+                fp = os.path.join(dirpath, f)
+                total_size += os.path.getsize(fp)
+        return self.maximum_capacity - total_size
+#        return fileutil.get_available_space(self.sharedir, self.reserved_space)

def allocated_size(self):
space = 0

Setting up Tahoe

The next step is for you to read the Tahoe documentation. Setting up Tahoe can be tricky so it’s best to become familiar with the concepts and terminology before proceeding.  A good starting point is:

1. Linux Configuration

On the Linux machine, create a project directory and then create an introducer and get the introducer’s URL from the file introducer.furl.  An introducer is the starting seed of our grid.

tahoe create-introducer introducer

Next, create client nodes for each of the Linux friendly storage providers: Ubuntu One, Dropbox, Wuala and Symform.

tahoe create-client node1
tahoe create-client node2
tahoe create-client node3
tahoe create-client node4

For each client node, modify the configuration file tahoe.cfg and set the introducer URL, nickname and the maximum_capacity to match that of the storage provider. Here’s an example for Ubuntu One.

nickname = node1-ubuntuone
web.port = tcp:3456:interface=
introducer.furl = pb://p6dkdpfdvh3vpwf5yafir7tv4lwizsid@ubuntu.local:42136,
enabled = true
maximum_capacity = 5G

Next, in each client node’s directory, create a symbolic link storage which links to the sync folder of a provider.

storage -> ~/syncfolders/wuala

You might prefer to use a designated folder in each provider’s sync folder.

storage -> ~/syncfolders/Google Drive/bricstuff

If you intend to share the online storage for non-BRIC purposes, this will impact the computation of available space as the Tahoe node won’t know how much space is taken up by non-Tahoe data. It’s best not to.

If you prefer, you can create symbolic links in the other direction e.g.

~/syncfolders/dropbox -> ~/projects/bric/tahoe/node2/storage

2. Launching Tahoe on Linux

To launch Tahoe you specify the directory of the created Tahoe node, or run tahoe from within that node’s directory.  Start the introducer node first, and then the other clients:

tahoe start ./introducer
tahoe start ./node1
tahoe start ./node2
tahoe start ./node3
tahoe start ./node4

To check your grid is up and running, connecting to a client node’s web interface via your browser: http://localhost:3456

3. Connecting the Mac

You repeat the same setup on the Mac for the Linux unfriendly storage providers, but you don’t need to create an introducer. Just create Tahoe client nodes as normal and configure then with the already obtained introducer URL.  If all your Tahoe nodes are up and running, you should see that you have one active Tahoe introducer and ten active Tahoe clients.

If you check your online storage, you should see the desktop apps have already started syncing Tahoe’s house-keeping files and folders:

Storing Data in Tahoe

Uploading a single file is easy via the web interface of a Tahoe node.  Tahoe will split up the file, encrypt, and store the chunks of data redundantly across the connected network.  You can confirm this by checking the sync folders and your online storage accounts.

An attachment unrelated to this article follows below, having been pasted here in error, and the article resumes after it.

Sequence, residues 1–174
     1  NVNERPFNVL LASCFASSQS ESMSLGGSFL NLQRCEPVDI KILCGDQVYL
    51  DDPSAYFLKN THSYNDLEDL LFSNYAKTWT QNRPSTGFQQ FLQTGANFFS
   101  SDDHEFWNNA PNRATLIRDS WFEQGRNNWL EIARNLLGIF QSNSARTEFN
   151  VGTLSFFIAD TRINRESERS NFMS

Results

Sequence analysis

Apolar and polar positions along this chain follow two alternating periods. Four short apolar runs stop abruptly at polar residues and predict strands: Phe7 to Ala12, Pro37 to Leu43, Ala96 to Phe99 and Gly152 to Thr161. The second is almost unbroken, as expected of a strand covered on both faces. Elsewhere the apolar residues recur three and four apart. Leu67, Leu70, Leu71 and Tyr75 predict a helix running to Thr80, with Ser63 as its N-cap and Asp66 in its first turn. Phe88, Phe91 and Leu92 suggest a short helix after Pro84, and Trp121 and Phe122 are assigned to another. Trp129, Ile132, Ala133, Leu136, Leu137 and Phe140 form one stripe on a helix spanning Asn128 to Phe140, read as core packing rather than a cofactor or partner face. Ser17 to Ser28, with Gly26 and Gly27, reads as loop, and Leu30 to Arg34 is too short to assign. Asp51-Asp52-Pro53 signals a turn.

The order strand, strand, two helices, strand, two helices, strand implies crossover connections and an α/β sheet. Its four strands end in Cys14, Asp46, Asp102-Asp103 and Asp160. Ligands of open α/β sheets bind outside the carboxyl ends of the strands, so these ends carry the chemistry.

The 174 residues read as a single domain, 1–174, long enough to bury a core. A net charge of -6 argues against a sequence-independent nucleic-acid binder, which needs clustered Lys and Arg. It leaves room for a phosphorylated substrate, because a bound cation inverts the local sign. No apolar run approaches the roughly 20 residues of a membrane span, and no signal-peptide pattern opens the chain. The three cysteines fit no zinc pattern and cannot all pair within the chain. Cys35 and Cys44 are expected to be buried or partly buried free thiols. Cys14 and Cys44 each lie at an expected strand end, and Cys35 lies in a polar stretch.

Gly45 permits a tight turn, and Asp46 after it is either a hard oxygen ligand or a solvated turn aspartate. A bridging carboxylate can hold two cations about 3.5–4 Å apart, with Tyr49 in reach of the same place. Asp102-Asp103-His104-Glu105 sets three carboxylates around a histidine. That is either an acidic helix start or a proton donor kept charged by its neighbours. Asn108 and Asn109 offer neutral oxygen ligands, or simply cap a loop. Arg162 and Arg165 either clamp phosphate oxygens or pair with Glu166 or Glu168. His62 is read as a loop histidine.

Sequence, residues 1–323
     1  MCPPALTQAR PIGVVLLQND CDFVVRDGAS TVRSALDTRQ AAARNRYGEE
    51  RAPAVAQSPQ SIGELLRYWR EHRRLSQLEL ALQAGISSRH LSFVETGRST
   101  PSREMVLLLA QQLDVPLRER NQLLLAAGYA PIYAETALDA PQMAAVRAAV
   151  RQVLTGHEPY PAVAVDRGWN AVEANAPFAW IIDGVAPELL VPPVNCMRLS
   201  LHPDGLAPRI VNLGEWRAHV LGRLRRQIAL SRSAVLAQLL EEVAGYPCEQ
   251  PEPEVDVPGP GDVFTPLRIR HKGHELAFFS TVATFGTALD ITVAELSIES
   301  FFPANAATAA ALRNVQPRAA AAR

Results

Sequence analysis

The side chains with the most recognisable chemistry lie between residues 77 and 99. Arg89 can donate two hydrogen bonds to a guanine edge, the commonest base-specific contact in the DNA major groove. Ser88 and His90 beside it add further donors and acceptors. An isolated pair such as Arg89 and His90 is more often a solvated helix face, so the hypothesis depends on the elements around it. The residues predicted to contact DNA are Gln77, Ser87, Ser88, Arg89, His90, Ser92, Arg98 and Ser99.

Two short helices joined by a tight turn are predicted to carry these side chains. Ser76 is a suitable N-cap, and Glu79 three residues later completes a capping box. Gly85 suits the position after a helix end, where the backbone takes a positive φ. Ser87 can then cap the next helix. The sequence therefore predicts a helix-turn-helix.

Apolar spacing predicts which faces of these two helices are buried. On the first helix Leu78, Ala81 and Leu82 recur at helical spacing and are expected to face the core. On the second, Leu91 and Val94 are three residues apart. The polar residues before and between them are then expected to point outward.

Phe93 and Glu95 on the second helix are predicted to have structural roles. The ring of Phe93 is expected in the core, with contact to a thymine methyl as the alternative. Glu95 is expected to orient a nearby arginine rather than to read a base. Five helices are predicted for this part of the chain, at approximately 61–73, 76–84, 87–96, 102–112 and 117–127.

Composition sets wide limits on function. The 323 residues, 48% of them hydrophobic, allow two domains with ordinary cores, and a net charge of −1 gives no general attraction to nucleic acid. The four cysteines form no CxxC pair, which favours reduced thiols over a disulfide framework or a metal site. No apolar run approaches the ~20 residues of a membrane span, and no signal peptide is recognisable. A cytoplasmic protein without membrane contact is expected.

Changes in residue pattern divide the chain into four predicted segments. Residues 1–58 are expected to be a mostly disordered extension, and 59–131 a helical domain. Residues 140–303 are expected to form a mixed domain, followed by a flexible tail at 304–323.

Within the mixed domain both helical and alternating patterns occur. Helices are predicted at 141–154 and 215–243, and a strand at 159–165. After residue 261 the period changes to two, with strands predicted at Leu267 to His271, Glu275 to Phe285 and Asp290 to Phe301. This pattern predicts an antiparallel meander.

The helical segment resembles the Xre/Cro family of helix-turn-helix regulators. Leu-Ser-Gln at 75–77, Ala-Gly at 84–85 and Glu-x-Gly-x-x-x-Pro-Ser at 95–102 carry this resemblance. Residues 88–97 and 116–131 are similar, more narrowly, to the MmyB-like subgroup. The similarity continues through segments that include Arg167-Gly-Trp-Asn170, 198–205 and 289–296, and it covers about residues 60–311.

You can also transfer folders and files in bulk by using Tahoe from the command line.  It’s strongly advised you consult the Tahoe documentation to avoid frustration!

Keep in mind that you have to keep track of any file or folder URLs (what Tahoe calls FILECAP or DIRCAP) you created otherwise you won’t be able to retrieve your data.  Creating aliases for frequently used URLs makes things easier.

Here is an example of what you might do.

cd node1
tahoe add-alias -d ./ home URI:DIR2:blahblahblah
tahoe cp -d ./ /tmp/test.txt home:
tahoe backup -d ./ ~/Documents home:docs
tahoe deep-check -d ./ home:
tahoe ls -d ./ home:

How is data stored across the BRIC?

Tahoe will store data using erasure coding rather than simple replication.  A 2002 paper “Erasure coding vs. Replication a quantitative comparison” [PDF] demonstrated why:

We show that systems employing erasure codes have mean time to failures many orders of magnitude higher than replicated systems with similar storage and bandwidth requirements. More importantly, erasure-resilient systems use an order of magnitude less bandwidth and storage to provide similar system durability as replicated systems.

The Windows Azure team received a 2012 USENIX Best Paper Award for detailing how they use erasure coding in their storage service.

Tahoe will use encoding parameters defined in the configuration file tahoe.cfg:

# What encoding parameters should this client use for uploads?
# default is 3,7,10
#shares.needed = 3
#shares.happy = 7 = 10

What do these default values mean? As explained in the FAQ:

The default Tahoe-LAFS parameters are 3-of-10, so the data is spread over 10 different drives, and you can lose any 7 of them and still recover the entire data. This gives much better reliability than comparable RAID setups, at a cost of only 3.3 times the storage space that a single copy takes. It takes about 3.3 times the storage space, because it uses space on each server needs equal to 1/3 of the size of the data and there are 10 servers.

So from our 92 GB of total online storage space, we can expect to store about 28GB of data. You could store more data by tweaking the parameters, but at the expense of redundancy.

Retrieving Data

Getting and verifying data is done via the command line.  Here’s what you might do.

cd node1
tahoe add-alias -d ./ home URI:DIR2:blahblahblah